Tuesday, 12 July 2011

Mussels and clams with tomato

The seashore - Gouache by Lorraine Rimmer

One of the biggest problems with eating shellfish is how we prepare them and not shellfish themselves. They’re often served with butter, mayonnaise based sauce, battered, breadcrumbed and fried. Just about everything you’d want to avoid on a weightloss or healthy diet!

However mussels and clams are a wonderful food with a delicate taste that are high in protein and low in cholesterol and fat. So why not try steaming and serving with fresh tomato, white wine and a squeeze of fresh lemon as a healthy, optional  way of cooking them.

Fresh clams and mussels

serves 2 - 3

900 g (2 lb) fresh mussels
450 g (1 lb) small clams, such as venus clams
25 g (1 oz) butter
1 - 2 large garlic cloves, skinned and crushed
1 small onion, skinned and finely chopped
150 ml (1/4 pint) dry white wine
225 g (8 oz) ripe tomatoes, chopped
finely grated rind of 1 lemon
30 ml (2 tsp) chopped fresh parsley
salt and pepper

To prepare the mussels, wash them thoroughly under running cold water, then scrape off any barnacles with a small sharp knife. Cut off the fibrous beards that protrude from between the shells. Wash in several changes of water. Discard any cracked mussels, or any that do not close when tapped sharply with a knife.

Scrub the clams thoroughly and discard any that are cracked or open.

Melt the butter in a large pan, add the garlic and onion and cook gently for a few minutes, until the onion is softened. Add the wine, tomatoes, lemon rind and half of the parsley. Bring to the boil.

Add the mussels and the clams to the pan, cover and cook over a high heat for 3 -4 minutes or until the mussels and clams are open, shaking the pan occasionally. Discard any mussels or clams that have not opened.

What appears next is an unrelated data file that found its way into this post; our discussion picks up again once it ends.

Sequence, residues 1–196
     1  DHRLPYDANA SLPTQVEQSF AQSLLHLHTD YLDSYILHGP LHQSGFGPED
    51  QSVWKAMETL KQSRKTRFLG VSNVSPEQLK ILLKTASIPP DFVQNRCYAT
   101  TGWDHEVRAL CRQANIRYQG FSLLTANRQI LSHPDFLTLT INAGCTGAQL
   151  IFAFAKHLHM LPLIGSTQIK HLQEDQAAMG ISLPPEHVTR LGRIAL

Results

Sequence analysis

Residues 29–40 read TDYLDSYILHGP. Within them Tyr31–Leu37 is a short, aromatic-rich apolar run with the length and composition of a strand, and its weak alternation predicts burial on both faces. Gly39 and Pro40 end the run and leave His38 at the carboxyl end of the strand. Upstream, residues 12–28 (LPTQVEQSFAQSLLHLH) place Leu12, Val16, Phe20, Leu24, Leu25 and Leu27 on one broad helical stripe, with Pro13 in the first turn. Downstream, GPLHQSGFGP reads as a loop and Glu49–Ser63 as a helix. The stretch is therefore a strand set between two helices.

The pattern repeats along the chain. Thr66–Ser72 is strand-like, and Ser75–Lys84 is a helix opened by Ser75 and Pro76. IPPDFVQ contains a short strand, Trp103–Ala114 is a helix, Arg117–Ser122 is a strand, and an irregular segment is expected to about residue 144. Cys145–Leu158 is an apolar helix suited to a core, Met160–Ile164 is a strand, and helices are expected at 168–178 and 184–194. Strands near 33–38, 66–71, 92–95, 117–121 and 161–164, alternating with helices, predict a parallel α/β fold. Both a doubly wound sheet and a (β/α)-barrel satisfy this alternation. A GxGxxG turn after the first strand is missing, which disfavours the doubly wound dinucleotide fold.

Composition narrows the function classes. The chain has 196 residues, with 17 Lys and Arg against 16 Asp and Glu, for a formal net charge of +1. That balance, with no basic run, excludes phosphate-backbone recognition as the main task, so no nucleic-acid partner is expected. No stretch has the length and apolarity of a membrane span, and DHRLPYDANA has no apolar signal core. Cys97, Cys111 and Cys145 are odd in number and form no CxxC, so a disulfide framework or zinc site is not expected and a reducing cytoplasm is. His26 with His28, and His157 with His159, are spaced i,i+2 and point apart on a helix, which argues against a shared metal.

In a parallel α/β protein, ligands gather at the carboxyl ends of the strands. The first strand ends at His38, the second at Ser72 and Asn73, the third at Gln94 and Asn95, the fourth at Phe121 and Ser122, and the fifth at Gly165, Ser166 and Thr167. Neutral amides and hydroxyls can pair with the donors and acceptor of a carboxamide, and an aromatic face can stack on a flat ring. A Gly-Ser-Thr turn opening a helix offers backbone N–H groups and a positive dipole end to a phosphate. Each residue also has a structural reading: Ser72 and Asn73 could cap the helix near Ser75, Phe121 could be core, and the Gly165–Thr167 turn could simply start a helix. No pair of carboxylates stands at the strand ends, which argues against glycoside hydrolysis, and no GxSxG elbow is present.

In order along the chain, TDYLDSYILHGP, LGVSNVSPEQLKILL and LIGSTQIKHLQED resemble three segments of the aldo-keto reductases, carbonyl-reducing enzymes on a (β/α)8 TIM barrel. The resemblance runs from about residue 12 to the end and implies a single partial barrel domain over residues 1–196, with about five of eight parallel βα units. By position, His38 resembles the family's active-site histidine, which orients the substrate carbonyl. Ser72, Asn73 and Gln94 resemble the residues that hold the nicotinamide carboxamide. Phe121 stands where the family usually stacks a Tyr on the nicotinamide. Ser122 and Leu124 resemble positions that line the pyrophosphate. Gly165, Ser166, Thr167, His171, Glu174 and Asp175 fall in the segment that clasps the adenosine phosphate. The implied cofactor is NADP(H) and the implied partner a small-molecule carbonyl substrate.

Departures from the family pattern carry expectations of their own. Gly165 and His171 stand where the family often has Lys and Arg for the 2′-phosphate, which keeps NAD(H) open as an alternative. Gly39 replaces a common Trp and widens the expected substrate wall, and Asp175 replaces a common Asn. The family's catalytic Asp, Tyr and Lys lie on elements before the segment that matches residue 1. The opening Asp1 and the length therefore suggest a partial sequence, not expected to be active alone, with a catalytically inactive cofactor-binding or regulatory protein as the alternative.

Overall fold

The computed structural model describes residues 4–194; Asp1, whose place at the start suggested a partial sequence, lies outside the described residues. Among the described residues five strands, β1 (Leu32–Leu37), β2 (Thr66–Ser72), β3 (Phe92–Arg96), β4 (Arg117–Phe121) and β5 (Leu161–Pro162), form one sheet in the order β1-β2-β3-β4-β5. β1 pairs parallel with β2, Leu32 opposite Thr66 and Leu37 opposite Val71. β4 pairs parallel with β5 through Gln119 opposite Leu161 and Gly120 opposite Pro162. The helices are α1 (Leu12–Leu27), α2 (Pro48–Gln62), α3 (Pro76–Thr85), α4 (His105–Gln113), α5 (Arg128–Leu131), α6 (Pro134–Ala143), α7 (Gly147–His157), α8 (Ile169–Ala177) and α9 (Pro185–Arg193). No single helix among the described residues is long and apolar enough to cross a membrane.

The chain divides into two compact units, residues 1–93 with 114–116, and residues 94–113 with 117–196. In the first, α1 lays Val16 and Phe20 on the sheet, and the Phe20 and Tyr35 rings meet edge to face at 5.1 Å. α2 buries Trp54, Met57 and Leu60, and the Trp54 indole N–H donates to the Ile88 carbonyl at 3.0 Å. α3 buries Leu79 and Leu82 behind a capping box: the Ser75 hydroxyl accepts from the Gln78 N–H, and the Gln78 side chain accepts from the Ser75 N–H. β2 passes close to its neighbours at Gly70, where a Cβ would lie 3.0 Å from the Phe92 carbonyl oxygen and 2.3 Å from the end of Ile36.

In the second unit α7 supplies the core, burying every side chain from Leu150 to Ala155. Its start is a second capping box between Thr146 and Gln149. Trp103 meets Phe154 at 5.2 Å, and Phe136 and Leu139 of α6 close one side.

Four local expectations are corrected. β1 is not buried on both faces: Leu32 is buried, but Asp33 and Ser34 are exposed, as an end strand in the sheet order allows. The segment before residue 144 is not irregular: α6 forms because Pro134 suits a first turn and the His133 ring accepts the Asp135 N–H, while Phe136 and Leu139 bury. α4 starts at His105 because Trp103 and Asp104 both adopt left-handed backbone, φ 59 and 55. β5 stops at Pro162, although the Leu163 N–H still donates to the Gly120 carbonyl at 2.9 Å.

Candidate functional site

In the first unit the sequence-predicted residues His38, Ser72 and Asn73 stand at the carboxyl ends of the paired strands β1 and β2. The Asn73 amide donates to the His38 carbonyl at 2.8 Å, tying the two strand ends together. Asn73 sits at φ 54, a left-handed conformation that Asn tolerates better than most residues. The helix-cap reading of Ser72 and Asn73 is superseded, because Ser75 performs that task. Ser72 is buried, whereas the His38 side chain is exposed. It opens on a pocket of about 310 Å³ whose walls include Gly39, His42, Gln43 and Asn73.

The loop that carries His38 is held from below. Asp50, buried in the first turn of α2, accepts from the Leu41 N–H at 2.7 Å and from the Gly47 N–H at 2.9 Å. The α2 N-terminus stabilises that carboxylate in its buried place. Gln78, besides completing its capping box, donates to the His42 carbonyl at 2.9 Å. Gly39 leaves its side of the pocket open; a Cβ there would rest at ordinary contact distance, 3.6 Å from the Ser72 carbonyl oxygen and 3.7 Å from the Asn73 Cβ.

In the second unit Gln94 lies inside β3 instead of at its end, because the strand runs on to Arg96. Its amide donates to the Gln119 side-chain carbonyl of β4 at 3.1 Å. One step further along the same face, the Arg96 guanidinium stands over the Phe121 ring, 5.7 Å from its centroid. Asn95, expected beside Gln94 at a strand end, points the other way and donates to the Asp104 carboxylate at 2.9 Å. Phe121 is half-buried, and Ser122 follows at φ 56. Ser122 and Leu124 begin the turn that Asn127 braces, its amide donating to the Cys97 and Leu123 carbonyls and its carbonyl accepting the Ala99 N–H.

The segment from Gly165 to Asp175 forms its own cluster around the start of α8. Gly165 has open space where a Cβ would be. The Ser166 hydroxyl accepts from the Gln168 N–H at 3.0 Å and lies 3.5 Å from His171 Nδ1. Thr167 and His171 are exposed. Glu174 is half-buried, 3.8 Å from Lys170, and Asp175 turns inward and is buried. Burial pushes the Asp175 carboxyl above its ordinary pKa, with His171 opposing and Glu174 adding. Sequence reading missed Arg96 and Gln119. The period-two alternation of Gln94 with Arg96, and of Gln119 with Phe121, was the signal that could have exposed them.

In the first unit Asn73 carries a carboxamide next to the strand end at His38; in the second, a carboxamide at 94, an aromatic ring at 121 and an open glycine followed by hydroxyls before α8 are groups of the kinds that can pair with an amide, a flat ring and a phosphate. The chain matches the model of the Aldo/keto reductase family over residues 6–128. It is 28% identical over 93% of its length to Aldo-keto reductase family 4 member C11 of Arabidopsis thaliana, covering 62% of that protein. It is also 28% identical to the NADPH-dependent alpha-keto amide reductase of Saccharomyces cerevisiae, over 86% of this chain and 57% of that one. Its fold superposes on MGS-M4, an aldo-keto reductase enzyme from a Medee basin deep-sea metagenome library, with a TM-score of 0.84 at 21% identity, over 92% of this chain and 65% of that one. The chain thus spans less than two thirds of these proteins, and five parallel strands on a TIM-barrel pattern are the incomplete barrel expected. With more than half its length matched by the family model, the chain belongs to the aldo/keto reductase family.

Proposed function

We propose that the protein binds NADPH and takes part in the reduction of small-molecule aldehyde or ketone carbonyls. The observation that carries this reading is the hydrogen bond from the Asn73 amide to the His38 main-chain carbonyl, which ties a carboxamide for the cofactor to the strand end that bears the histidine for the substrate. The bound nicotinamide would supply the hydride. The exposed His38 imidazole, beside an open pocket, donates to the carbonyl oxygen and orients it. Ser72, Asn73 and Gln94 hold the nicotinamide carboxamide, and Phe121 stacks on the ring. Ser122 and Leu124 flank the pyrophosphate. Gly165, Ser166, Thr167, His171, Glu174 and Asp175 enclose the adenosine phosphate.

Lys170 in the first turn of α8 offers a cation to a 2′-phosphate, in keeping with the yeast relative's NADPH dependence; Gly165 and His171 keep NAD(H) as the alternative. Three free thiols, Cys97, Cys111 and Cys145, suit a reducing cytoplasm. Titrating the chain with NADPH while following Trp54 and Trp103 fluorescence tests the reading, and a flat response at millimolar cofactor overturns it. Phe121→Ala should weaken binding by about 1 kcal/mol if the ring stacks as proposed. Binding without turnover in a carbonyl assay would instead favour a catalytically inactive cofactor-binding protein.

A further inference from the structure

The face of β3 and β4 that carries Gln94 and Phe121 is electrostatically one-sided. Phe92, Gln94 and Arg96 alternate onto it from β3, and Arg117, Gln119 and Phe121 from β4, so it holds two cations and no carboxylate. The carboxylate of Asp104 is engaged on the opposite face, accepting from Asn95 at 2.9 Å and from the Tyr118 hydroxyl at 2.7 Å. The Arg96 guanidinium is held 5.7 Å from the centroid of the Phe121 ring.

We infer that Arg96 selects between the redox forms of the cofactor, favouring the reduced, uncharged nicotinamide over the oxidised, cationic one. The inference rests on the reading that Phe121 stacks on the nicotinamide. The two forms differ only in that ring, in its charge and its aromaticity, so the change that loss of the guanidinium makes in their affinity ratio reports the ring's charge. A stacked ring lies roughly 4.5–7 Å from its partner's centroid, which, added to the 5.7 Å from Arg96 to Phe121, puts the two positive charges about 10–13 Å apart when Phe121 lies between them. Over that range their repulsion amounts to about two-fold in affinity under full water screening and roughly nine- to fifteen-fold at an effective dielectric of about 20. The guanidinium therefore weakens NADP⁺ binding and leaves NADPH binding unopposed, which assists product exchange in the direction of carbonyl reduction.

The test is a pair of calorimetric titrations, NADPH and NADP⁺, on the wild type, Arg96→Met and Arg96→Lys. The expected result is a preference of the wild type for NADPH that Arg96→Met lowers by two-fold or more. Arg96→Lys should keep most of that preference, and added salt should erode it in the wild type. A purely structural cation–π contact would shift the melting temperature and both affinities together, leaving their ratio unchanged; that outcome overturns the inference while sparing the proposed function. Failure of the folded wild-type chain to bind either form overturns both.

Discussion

Season to taste. Transfer to two large bowls or soup plates and sprinkle with the remaining parsley. Serve with lots of crusty bread.

Nutritional values

Shellfish are a great source of vitamin B-12 and can be eaten raw, baked, steamed, fried, or made into chowder. In addition to vitamin B-12 shellfish are a good source of zinc, copper, and iron. Clams provide the most vitamin B-12 but mussels and oysters are also good sources.

Vitamin B-12, or Cobalamin, is the largest and most complex vitamin currently known to man. A slight deficiency of vitamin B-12 can lead to anemia, fatigue, mania, and depression, while a long term deficiency can potentially cause permanent damage to the brain and central nervous system. Vitamin B-12 can only be manufactured by bacteria and can only be found naturally in animal products, however, synthetic forms are widely available and added to many foods like cereals. Vitamin B-12 can be consumed in large doses because excess is excreted by the body or stored in the liver for use when supplies are scarce.
Stores of B-12 can last for up to a year.